Contentions

Petitioners contended that according to Section 21 of the Maharashtra Educational Institutions (Regulation of Fee) Act, 2011 State Government does not confer any power to tamper with the fee neither such power is traceable to Section 26 of the Disaster Management Act, 2005.

 Impugned resolution is without jurisdiction.

Bench

Court on considering the contentions, was of the view that an issue of considerable significance has been raised by the petitioners and petitioners have made a good case for stay of the impugned government Resolution.

The above-was stated by the bench for the following reasons:

  • The 2011 Act has been enacted to provide for the regulation of collection of fee by educational institutions in the State of Maharashtra and for matters connected therewith and incidental thereto.

“Section 21 of the 2011 Act provides general power on the government to issue directions to any educational institution consistent with the provisions of the 2011 Act and the Rules framed thereunder for carrying out the purposes of the 2011 Act or for giving effect to any of the provisions contained therein.”

  • Prima facie having regard to the scheme of Section 6, Court was of the view that Section 21 could not have been invoked by the State Government to have issued the impugned Government Resolution.
  • Even on perusal of Epidemic Diseases Act, 1897 and the Epidemic Diseases (Amendment) Ordinance, 2020 Court found no such enabling provision empowering the State Government to issue a resolution like the impugned one.

If no source of statutory power for issuance of such a government resolution is discernible or traceable, can it be construed to have been issued in exercise of the executive power of the State under Article 162 of the Constitution?

Referring to Supreme Court’s decision in TMA Pai Foundation v. State of Karnataka, (2002) 8 SCC 481, it was held that,

“…right to establish educational institution is a fundamental right guaranteed by Article 19(1)(g) of the Constitution. This right comprises of amongst others the right to set up a reasonable fee structure.”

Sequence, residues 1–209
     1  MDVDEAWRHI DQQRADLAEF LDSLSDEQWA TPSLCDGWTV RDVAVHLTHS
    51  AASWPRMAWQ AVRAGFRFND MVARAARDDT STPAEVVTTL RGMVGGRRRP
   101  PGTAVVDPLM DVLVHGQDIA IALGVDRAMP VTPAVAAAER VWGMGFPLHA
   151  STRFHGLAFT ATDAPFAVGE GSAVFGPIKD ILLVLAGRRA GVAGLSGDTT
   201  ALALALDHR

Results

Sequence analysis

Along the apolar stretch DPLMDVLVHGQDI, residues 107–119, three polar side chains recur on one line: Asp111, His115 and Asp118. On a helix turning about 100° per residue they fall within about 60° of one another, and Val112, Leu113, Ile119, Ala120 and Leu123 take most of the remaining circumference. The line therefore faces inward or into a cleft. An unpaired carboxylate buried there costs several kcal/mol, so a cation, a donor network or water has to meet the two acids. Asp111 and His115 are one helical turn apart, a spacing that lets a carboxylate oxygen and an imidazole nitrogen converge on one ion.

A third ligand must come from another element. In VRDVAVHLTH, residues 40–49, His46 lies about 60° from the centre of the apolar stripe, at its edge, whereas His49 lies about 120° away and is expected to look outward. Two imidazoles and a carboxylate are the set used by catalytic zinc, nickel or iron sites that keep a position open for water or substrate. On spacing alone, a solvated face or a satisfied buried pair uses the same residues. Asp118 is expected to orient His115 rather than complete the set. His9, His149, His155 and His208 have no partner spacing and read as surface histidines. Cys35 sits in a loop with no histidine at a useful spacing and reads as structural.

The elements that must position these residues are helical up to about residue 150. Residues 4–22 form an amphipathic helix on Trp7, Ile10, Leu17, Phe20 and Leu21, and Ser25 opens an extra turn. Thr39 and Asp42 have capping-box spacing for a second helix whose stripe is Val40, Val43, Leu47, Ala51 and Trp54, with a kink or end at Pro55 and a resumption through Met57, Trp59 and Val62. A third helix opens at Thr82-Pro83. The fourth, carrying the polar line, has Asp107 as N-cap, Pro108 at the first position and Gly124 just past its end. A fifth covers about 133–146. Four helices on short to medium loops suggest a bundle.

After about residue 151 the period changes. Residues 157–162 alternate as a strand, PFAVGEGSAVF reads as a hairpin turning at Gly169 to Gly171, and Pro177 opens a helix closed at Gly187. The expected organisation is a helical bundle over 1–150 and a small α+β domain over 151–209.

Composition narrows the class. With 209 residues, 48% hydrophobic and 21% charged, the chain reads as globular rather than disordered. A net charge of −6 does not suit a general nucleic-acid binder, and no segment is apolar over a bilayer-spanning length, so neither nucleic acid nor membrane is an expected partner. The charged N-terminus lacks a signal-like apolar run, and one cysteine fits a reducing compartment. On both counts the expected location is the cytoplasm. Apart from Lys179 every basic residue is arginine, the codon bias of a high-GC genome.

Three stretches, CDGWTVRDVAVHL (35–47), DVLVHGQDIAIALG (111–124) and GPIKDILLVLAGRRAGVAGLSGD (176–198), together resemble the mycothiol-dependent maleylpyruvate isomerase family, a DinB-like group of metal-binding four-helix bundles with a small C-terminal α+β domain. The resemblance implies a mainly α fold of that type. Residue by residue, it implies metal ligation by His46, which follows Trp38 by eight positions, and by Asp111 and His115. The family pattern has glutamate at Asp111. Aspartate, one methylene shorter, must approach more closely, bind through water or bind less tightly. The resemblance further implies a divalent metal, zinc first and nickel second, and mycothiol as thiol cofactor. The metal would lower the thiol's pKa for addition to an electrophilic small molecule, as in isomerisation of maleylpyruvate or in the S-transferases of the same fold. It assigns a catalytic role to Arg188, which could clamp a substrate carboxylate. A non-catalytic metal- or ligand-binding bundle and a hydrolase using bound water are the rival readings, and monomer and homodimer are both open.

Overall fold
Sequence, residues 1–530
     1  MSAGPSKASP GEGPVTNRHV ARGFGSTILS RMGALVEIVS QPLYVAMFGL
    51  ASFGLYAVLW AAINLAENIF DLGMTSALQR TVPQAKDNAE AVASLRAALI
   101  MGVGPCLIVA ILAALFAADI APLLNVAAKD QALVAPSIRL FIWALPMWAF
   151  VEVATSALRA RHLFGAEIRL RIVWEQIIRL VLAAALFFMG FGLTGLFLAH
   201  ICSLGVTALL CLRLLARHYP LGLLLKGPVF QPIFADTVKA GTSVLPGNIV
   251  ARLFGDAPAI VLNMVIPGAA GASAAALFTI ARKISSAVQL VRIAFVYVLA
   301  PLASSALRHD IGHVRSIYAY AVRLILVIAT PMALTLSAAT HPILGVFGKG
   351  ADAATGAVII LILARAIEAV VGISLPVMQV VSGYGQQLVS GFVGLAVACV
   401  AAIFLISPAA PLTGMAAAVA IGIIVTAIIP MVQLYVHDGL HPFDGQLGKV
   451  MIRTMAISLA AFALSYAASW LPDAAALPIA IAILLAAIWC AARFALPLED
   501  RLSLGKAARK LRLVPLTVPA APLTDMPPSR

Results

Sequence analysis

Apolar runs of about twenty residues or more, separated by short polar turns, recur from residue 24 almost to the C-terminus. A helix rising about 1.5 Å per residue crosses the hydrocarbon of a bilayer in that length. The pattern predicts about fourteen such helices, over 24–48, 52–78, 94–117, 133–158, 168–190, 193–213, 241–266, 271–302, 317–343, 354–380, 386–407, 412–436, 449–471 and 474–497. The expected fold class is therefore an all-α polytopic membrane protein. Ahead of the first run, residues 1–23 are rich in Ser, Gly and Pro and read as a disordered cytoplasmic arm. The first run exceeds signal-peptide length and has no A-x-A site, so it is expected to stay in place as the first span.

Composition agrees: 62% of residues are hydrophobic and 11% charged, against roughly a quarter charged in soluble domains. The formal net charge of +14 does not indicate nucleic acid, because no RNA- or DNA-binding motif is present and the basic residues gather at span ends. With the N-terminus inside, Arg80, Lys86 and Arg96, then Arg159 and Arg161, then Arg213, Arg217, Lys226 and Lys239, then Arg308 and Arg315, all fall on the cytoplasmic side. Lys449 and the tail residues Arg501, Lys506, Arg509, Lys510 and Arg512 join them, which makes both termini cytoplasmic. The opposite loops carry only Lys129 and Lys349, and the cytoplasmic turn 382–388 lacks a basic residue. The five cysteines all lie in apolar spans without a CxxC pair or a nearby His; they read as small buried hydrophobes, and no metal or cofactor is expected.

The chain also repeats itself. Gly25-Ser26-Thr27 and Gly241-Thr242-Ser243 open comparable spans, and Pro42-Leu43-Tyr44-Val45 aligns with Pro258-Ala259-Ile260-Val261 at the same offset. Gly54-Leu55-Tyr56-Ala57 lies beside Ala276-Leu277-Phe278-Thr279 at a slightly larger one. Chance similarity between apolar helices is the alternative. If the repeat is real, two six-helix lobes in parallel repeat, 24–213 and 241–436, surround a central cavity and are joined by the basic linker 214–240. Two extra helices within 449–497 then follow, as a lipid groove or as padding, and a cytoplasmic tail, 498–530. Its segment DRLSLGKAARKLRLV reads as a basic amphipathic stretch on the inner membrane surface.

“…The decision on the fee to be charged must necessarily be left to the private educational institution that does not seek or is not dependent upon any funds from the government.”

Thus, Court stays the impugned Government Resolution and having said so, bench also stated that the management of the private unaided schools may consider providing option to the students/ parents to pay the fee in such installments as is considered reasonable and also allow them the parents to pay the fee online.

Matter was listed over to 11-08-2020.[Association of Indian School v. State of Maharashtra, 2020 SCC OnLine Bom 736 , decided on 26-06-2020]

Case BriefsTribunals/Commissions/Regulatory Bodies

National Consumer Redressal Commission (NCDRC): The Bench of R.K. Agarwal (President and V.K. Jain and M. Shreesha, Members, while taking into consideration a batch of petitions and further referring to several decisions of the Supreme Court, reached to the conclusions that,

“Coaching Classes cannot fall within the definition of ‘Education Institutions’.”

“Any defect or deficiency or unfair trade practice pertaining to a service provider like ‘Coaching Centres’ does not fall within the jurisdiction of the Consumer Fora.”

Facts in the present case are in respect to deficiency of services by an educational institution that is a Dental College for admitting students when it was neither affiliated with the university nor recognized by the Dental Council of India.

Counsel appearing for the complainants stated that the facts in Buddhist Mission Dental College and Hospital v. Bhupesh Khurana, (2009) 4 SCC 473 relate to deficiency of service on account of non-affiliation and that it does not fall within any deficiency rendered during the ‘Course of Education’ being imparted ‘Post Admission’.

OP University has indulged in deficiency of service and unfair trade practice.

Contentions

OPs Counsel placed reliance on Supreme Court’s decision in P.T. Koshy v. Ellen Charitable Trust, 2012 (3) CPC 615 (SC), and stated that students are not ‘Consumers’ and ‘Education’ is not a commodity and the Educational Institutions are not rendering ‘Service’.

Counsel appearing for the Complainant’s while referred to P. Sreenivasulu v. P.J. Alexander, wherein it was held that Educational Institutions would come within the purview of the Consumer Protection Act, 1986 and that Education is a ‘service’.